Grab a Pen and Notepad
During field interview stops, many officers jot down a suspect's information on their notepads and transfer it to the "official" FI slip later. But in using this method, they miss a chance to use an improvised weapon: their hard-edged, leather- or Kevlar-covered ticket book. Keeping your FI slips in your ticket book gives you the chance to block, strike, or jab with it. Good targets include the suspect's throat, temple, and nose. Or if he is reaching for a weapon, bring the ticket book down hard across his wrists or hands.
During a traffic accident report or a crime case report, you may have your metal report box already in hand. Like your ticket book, it's an effective blocking or striking weapon, or as a last resort, a thrown-in-his-face distraction device to buy you some unholstering time.
Think about what you're holding in your hand during nearly any enforcement activity: your pen. It's one of the fastest-drawn weapons at your disposal. To say it makes for a good defensive weapon is an understatement. In a life-threatening encounter, aim for the suspect's eyes and finish the fight. A crook would do it to you if he could.
In these days of the $1,500 electric brick strapped to your belt (a.k.a. your radio), too many officers have picked up bad habits when it comes to their portable use. One bad habit is carrying or transmitting with the radio in your gun hand. Another bad habit is looking at the radio instead of the crook as you speak. If you don't have a lapel mike, focus on holding your radio at eye level and in your non-gun hand, looking at the suspect, not the speaker mesh. If you need to use this hard object, you want it in your dominant hand-and you want to see an attack coming.
Choose your target wisely (not body mass or well-muscled areas) and hammer away with this two-pound impact weapon when necessary. "He kept his radio in good working order" is not a good quote for your tombstone.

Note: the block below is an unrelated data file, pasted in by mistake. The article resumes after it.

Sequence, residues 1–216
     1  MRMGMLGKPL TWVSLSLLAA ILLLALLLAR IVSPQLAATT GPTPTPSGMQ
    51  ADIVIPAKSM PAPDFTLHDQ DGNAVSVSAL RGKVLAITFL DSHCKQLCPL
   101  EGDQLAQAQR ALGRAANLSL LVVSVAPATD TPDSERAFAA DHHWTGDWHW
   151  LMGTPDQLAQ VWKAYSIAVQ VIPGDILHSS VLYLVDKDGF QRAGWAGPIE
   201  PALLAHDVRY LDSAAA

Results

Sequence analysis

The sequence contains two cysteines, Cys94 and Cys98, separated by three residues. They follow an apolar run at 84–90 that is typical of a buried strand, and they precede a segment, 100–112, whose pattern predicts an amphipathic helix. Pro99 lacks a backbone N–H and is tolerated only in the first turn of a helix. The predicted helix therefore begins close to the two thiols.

Give 'Em the Boot
There is often an equipment paradox with police boots. In days of old, we wore hard-toed shoes, which were lousy for running but great for striking suspects' shinbones, kneecaps, or other hard and soft parts of their bodies if they hit the ground near you. Today's police boots are soft-toed and light as a feather, which makes them great for foot pursuits, but not so great for foot strikes.
Instead of a hard kick, consider using the edges of your boots to scrape down along the suspect's shins. Light boots also make it easier to lift your leg to hit the nerves in the suspect's upper outer thigh with multiple knee strikes.
With most kicks or impact weapon strikes, the song playing in your head should be, "Swing Low, Sweet Chariot." In the heat of the moment, it's easy to swing from an upright position and hit buffed-out shoulders, meaty biceps, or squat-hardened thighs. Aim low and strike the Achilles' tendon, the back of the knee, the shin, or the calf. Lots of "yoked up" convicts have scrawny legs. Don't waste your energy on big targets. Hit low, and then keep going.
There are two keys to using improvised weapons in the field: Be ready to explicitly clarify in your report that you took "reasonable" steps, following your use-of-force model, to save yourself from great bodily injury or death. And think outside the box, away from the always-bladed field interview stance, the carefully swung baton, or the accurately aimed pepper spray. These usual ways don't always work when faced with a fighter bent on hurting you at all costs. Faced with the stress of survival, follow the advice of Baltimore baseballer Wee Willie Keeler and "Hit 'em where they ain't [looking]."
Steve Albrecht retired after 15 years with the San Diego (Calif.) Police Department, where he had worked as a fulltime officer, reserve sergeant, and Domestic Violence Unit investigator. His most recent book, "Surviving Street Patrol," is available from Paladin Press.